The place smells like roast beef marinated in armpit and days old urine. He’s wobbly, slurring. Rambling, incoherent, belligerent. “Put your fucking boots on, Nancy.” He wants to roll a cigarette, somehow his fingers finally find muscle memory once he takes his mind off of the task. The minutes tick. I know I shouldn’t dawdle. I get him to cough up his stash. A fucking Texas fifth of Five O’Clock and it’s almost all gone. I take a swig right in front of him, and pour the rest down the drain. His girl calls, dramatically shaken. More dawdling. “PUT on your GODDAMN BOOTS, SON, WE’RE GOING TO GET ICE CREAM. NOW. NOW. NOW.”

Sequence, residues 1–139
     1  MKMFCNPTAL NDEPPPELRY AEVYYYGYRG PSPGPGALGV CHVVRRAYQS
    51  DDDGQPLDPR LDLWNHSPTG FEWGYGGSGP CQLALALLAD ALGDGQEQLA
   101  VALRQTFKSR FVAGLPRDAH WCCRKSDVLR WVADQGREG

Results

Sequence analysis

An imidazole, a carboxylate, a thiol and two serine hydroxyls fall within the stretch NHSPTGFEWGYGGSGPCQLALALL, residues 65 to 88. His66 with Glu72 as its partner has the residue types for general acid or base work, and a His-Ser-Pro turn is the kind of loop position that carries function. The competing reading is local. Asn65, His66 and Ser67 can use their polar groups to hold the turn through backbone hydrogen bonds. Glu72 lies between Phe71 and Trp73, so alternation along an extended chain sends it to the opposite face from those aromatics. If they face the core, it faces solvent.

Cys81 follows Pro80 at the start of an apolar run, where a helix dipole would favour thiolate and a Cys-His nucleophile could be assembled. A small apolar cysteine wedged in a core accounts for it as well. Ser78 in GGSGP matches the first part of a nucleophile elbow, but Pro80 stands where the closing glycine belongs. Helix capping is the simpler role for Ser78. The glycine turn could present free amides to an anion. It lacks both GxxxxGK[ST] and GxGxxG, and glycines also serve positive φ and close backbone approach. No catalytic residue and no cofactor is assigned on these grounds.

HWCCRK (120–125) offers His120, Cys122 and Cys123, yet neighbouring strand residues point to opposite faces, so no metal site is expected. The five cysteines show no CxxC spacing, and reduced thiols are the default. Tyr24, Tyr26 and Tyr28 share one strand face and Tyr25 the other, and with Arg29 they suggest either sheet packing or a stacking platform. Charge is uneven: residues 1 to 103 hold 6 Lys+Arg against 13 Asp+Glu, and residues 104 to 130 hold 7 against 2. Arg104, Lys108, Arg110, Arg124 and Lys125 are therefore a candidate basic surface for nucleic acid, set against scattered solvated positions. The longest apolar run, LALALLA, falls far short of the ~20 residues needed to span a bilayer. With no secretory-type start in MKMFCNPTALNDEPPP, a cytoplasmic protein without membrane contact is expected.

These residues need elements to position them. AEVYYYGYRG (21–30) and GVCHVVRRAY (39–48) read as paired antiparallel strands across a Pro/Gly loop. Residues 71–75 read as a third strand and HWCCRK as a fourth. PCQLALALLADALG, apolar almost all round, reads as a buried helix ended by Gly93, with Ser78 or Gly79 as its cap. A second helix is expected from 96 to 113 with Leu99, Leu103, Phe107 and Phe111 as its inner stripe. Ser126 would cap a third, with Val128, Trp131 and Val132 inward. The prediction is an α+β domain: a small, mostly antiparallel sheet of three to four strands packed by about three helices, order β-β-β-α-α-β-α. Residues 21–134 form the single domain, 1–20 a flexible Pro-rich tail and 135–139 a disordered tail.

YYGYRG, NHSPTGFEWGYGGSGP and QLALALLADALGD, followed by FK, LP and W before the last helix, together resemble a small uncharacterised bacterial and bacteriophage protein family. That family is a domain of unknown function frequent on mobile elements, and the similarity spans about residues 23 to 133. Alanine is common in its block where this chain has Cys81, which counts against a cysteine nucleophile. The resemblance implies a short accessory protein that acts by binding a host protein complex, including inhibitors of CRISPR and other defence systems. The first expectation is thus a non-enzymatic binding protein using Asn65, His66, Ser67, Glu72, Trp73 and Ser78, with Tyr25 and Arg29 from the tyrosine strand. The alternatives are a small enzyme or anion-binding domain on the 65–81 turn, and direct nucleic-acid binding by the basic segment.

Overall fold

Somehow they let him out after 3 hours. We have to go inside to have him released to us. I want to ask if he’s being kicked out for being bellicose and lewd, but I just can’t bring myself to embarrass him much more, so when Joux Joux asks if he’s being “dishonorably discharged” ( wink wink, nudge nudge ) the physician doesn’t even acknowledge. By the look on the face of the woman who’s had to deal with him for these hours, I would say, yes: today an alcoholic who has drank himself onto a transplant list came into my job and made pathetic juvenile advances to me. And said I had beautiful tits and a great ass. And that he would pleasure me for several hours.